The site of this execution is still known as Guthrie’s Mountain or Mound … and it’s even alleged that the spot is still ill-omened by the event, and that the dying Guthrie “assailed his executioners for lynching an innocent man,” prophesying that “each of them would meet a horrible death” which curse the imminent U.S. Civil War carried into effect.
For a fuller account, see this pdf of a 1982 Kansas History article, “Guthrie Mound and the Hanging of John Guthrie”.
I know a story I think worth preserving of a Bourbon county execution without benefit of clergy, but it was not a lynching. I have had the story from a lot of people, including two eyewitnesses — not participants, of course. Away back in the later territorial days, when Bourbon county was in the ‘region beyant the law,’ a young man named Guthrie was caught up near Mapleton riding somebody else’s horse. Everybody knows that at that time in those parts, horse stealing and nigger chasing and homicide were offenses in a class by themselves. The hardheaded and hard-fisted farmers thereabouts gathered in a hurry. But there were no courts that they respected or had reason to respect. What to do?
Just across the river south of Mapleton in the Little Osage bottom is a little round hill about three hundred feet high shaped almost exactly like an overturned soup bowl. They adjourned to the top of that hill. There they elected a judge and a sheriff and a prosecuting attorney. They selected a jury and tried their man, who admitted his guilt. After the verdict and the proper sentence, the sheriff had no place to keep the man, so he executed the sentence at once by hanging him to the limb of a jack oak tree nearby. His body was buried where it was cut dawn. It is there yet.
From what I have been told I am quite satisfied that that trial was quite as regular and formal as many cases in the regular courts of that day, though not sanctioned by the law.
By the way, that hill is the same ‘pretty little hill’ where Lieut. Zebulon M. Pike ate the fried venison steak that September morning in 1806, as he notes in his journal. It is still called Guthrie mountain, and is one of the real beauty spots of old Bourbon.
The horse-thief story has different versions, in which Guthrie is either innocent of the charge or not. For what it may be worth, the 1860 New York Times also reported a “very imperfect” version of this take.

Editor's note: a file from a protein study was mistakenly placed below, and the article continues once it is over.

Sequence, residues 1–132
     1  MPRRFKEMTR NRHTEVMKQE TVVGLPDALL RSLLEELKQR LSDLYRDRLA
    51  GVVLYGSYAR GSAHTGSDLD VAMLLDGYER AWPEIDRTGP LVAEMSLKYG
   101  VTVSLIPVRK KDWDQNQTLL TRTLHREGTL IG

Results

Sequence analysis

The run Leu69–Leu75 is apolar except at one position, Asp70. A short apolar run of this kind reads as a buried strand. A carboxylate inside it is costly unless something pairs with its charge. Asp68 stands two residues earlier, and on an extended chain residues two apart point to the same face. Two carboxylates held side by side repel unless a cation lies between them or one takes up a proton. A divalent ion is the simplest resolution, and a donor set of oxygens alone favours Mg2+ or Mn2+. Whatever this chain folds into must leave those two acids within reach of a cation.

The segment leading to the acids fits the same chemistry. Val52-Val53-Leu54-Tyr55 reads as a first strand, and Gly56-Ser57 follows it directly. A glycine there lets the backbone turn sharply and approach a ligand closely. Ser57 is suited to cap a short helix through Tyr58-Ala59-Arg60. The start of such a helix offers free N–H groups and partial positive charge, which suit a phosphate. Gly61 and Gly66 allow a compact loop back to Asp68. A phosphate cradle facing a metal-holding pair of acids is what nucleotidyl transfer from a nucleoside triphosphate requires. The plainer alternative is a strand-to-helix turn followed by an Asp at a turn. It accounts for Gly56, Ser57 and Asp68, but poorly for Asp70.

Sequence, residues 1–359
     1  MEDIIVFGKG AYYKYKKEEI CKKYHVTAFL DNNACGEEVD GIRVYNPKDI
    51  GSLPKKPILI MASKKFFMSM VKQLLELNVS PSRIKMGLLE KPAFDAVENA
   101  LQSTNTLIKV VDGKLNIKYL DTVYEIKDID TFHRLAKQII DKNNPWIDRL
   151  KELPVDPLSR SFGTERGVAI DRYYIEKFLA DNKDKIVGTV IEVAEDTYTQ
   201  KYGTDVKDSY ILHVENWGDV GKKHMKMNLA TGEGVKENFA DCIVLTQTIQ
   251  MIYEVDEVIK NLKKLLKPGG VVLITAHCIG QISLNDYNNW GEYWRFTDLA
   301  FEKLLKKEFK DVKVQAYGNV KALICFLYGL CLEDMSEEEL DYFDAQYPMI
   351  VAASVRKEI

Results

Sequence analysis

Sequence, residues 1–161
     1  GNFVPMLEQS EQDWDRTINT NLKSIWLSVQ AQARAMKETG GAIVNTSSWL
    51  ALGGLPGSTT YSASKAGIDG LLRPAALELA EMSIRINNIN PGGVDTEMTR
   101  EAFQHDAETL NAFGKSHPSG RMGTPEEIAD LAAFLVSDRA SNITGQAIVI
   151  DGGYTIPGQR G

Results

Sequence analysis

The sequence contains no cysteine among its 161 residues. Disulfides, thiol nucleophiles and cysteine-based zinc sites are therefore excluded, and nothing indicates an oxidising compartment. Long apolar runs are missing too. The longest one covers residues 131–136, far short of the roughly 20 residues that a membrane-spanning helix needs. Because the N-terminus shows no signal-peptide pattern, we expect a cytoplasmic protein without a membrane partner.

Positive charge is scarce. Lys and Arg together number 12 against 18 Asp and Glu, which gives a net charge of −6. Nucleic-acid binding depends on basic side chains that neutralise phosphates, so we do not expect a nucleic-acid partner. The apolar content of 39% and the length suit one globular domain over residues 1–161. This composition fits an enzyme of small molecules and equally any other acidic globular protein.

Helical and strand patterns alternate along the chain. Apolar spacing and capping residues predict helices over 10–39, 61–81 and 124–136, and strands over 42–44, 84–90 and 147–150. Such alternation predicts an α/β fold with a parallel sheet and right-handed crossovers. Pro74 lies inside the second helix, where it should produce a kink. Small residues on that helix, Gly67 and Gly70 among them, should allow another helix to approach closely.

However, there’s at least one primary document suggesting that “thieving” may have been a pretext for killing the man over his anti-slavery stance.
Mapleton, K. T., Feb. 12, 1860. “MY DEAR PARENTS: … Last Sunday night about 1 o’clock a man named John R. Guthrie was hanged about a mile and a half from here on the top. of what is known as Tigret Mound. He was left suspended until Monday eve. His corpse was in plain sight from here as he hung. The proslavery’s hung him for an alleged crime of horse stealing. They arrested him without authority or shadow of law and never gave him even a mock trial, as has generally been the case. The country is again in commotion. I know not what will be the result, the probability is that unless Montgomery takes the field again it will soon blow over and give them a chance to hang the next ones that gets in their way.
In the terrible years of the Yezhovshchina, I spent seventeen months in lines outside the prison in Leningrad [queuing to deliver food to or get news of imprisoned loved ones: in her case, her son Lev]. One day somebody in the crowd identified me. Standing behind me was a woman, with lips blue from cold, who had, of course, never heard me called by name before. Now she started out of the torpor common to us all and asked me in a whisper (everyone whispered there):
‘And can you describe this?’
And I said: ‘I can.’
Then something like a smile passed fleetingly over what had once been her face.
On this date in 1940, the first name in Stalin’s terror got his just desserts.
Well. The first name after Stalin’s own, a point energetically made by Nikolai Yezhov’s daughter* in her fruitless post-Soviet attempts to rehabilitate the man.